Today we’d like to introduce you to Frances D’Quebec.
Hi Frances, thanks for sharing your story with us. To start, maybe you can tell our readers some of your backstory.
My name is Frances or as my family often calls me “Pancha” which I’ve grown to accept.
I was born & raised in Los Angeles, California. I am an anchor baby born in the 70’s. I am extremely proud of my parents who migrated to this country to seek the American dream. I’m the only girl in a family of all boys.
Growing up, my parents owned several businesses, ranging from factories to clothing stores. My brothers and I didn’t have much of a choice as my parents made us work day and night in the family business. We worked like horses. We did manual labor & administrative work from 6am to 10pm, weekends too. We secretly hated them for it since it left us with little time to hang out with friends and get into trouble.
Working as a family gave us a chance to be close to each other. My parents were workaholics & the only time they spent with us was when at work. And forasmuch as we thought we hated working together, we continued to work with them as adults. My parents instilled in us work ethic, honesty & integrity.
In 1998, my brothers and I grew tired of each other. We’d work together all of our lives. And though we all lived apart, the infighting at work became too much for my parents to withstand. We all wanted to quit but knew we all played integral roles. Without us, my parents would’ve had a hard time managing it all by themselves. They sold their businesses and retired. My brothers and I got jobs and grew apart.
After two years, my father bought a small restaurant in downtown Los Angeles for my mother so she wouldn’t get bored at home. My brothers & I quit our jobs and went to work at the restaurant. And just like that- we were back together again.
I was in my mid 20’s and was working with my family again. It was great the first year back but then we began fighting for control. My father, always the business-minded person, saw an opportunity to come out of retirement. He decided he would buy each of us our own restaurants. He just opened up the newspaper, went to the classifieds & circled several adds. We didn’t have much of a choice. I got the most challenging one and felt my brothers got better opportunities.
In 2002, my father bought La Fonda Of Inglewood for me. It was a small and ugly place with no established clientele. But it was my time, I’d either sink or swim. I was 28 years old. I was wife, a mother of two boys and now a restaurant owner.
It was up to me to make it work. And that is when all those tough years working in the family business, all those life lessons, paid off. I did a quick make-over. I redesigned the menu. Experimented with Mexican flavors. And tried to be as simple as possible in food presentation. I didn’t see the need to present Mexican food with a twist. Once my menu was perfected, I targeted and sought to built a local customer base. I was close to LAX and many offices. I came up with the idea to make deliveries. No one was delivering Mexican food.
I couldn’t afford fliers or anyone to distribute them. So I made copies of my menu in my personal printer; that thing got so hot it never printed again. I had 400 copies and a broken printer. That was it.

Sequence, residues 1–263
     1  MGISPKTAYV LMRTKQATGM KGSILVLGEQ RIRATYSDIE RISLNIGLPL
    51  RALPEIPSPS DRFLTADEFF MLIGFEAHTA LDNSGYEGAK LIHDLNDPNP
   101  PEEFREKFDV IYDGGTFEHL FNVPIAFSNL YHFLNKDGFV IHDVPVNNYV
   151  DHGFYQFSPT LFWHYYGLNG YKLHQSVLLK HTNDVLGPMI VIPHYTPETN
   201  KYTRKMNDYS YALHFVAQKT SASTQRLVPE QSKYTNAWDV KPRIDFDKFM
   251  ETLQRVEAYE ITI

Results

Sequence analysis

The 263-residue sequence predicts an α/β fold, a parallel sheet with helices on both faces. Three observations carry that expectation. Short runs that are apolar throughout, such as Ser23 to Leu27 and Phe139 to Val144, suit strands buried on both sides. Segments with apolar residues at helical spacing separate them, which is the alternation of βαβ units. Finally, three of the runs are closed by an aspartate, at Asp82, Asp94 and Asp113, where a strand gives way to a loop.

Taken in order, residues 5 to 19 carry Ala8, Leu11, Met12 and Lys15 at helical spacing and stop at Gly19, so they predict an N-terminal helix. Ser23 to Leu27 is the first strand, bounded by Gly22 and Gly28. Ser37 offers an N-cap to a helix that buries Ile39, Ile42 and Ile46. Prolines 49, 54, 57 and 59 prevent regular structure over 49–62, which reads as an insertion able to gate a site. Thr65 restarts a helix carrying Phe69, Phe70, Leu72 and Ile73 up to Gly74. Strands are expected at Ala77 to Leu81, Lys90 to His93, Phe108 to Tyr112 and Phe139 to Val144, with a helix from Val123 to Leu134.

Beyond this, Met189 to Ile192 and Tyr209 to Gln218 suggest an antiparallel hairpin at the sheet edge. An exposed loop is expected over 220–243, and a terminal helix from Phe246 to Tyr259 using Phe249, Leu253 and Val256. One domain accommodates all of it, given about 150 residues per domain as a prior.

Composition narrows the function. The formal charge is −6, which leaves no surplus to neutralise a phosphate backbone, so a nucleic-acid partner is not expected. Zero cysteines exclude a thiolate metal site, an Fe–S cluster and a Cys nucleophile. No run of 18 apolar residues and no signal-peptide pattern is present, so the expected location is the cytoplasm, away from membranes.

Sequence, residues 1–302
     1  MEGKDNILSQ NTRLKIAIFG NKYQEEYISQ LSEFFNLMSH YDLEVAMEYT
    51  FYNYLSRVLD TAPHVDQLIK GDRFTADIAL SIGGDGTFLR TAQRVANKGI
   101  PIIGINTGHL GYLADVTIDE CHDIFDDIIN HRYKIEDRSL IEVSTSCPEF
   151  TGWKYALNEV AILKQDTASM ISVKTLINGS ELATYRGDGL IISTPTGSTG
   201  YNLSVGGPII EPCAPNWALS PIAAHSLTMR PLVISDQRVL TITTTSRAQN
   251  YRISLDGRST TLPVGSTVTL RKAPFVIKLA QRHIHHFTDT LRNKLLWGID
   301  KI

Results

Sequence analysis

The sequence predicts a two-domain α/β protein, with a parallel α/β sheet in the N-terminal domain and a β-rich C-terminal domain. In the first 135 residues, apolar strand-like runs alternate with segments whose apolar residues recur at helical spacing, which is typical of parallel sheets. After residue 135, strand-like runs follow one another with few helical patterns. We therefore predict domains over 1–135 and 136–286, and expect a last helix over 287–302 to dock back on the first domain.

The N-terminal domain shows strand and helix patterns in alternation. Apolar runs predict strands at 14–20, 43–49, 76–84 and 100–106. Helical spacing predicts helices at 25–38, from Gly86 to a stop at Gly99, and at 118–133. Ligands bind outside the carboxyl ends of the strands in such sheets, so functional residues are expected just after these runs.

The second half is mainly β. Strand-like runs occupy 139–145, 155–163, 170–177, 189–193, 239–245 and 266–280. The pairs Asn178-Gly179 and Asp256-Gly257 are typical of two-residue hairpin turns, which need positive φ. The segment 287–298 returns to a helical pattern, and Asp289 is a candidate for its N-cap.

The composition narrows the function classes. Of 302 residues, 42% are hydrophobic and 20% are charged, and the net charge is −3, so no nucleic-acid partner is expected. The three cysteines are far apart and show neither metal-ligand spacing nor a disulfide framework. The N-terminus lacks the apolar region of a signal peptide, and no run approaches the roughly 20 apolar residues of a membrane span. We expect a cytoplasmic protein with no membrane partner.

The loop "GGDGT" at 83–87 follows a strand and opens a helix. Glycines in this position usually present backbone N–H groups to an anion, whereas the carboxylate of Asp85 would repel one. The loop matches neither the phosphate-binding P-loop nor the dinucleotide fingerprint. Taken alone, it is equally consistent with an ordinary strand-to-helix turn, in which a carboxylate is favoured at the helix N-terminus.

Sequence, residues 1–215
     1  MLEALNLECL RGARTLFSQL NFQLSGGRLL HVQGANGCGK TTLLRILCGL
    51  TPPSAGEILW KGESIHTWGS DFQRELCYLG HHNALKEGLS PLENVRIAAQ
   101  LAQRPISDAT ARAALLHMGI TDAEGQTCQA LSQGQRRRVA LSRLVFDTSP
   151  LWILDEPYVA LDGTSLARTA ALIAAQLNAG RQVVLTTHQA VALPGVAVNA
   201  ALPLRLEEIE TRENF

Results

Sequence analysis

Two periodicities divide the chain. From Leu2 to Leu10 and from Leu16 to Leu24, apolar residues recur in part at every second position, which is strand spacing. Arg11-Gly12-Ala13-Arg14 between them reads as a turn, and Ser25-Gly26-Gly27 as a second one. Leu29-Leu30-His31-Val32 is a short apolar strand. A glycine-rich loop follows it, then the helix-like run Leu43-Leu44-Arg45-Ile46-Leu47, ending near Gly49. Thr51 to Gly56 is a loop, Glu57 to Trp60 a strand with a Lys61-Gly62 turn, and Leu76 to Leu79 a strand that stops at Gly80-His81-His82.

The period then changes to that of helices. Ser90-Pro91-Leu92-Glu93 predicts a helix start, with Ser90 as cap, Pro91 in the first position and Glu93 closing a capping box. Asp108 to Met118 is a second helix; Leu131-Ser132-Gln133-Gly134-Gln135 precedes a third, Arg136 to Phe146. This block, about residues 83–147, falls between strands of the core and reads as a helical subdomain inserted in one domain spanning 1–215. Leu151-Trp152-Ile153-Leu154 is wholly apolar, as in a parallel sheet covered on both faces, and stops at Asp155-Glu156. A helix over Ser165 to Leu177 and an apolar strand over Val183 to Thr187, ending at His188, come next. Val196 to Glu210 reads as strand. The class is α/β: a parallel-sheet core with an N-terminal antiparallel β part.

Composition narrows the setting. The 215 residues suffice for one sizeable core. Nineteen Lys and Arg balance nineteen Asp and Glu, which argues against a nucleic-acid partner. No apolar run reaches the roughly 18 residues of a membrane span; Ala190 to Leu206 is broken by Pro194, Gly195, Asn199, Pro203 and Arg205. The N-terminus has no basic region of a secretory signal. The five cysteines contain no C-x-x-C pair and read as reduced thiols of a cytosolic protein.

I took my ten years old son, Andrew and dropped him off at LAX departures. I instructed him to go to each ticket agent, starting from terminal 1 to terminal 6 and hand out menus; then to make his way down to arrivals. I picked him up 2 hours later. That kid circled his way through that airport like our livelihood depended on it. And it did. He passed out 100 fliers. When I picked him up, he looked tired and was hungry. And in that moment, I became the version of my parents I swore I’d never be.
The next day, I took Andrew to all the office buildings around lunchtime and told him to hand out fliers to the employees walking out to lunch. He returned to La Fonda a hot sweaty mess but he had handed out 50 flyers. Next, we went to the warehouses in the area. Andrew placed another 50 copies of the menus on windshields.
The following days was up to me. I laminated 50 menus and visited all the small motels in the area. We targeted home depot and all the big chains store.
Within a week, our business was booming. That’s my start.
We all face challenges, but looking back would you describe it as a relatively smooth road?
It’s been a road both smooth and bumpy, but I’ve enjoyed each moment. I didn’t know if I would fail but I gave it my all.
We’ve been impressed with La Fonda Of Inglewood Restaurant and Cafe, but for folks who might not be as familiar, what can you share with them about what you do and what sets you apart from others?
I make simple Mexican food. Traditional dishes. Nothing fancy but full of flavor. I offer a kid’s menu and a complete vegetarian menu. I grew up vegetarian and understand that market quite well.
We’re always looking for the lessons that can be learned in any situation, including tragic ones like the Covid-19 crisis. Are there any lessons you’ve learned that you can share?
Yes, save for a rainy day. I took no government help.
- Website: lafondamexicanfood.com
- Yelp: https://www.yelp.com/biz/la-fonda-of-inglewood-restaurant-and-cafe-inglewood-2?uid=PHJpAJUUzNOpKgsJgjzuww&utm_source=ishare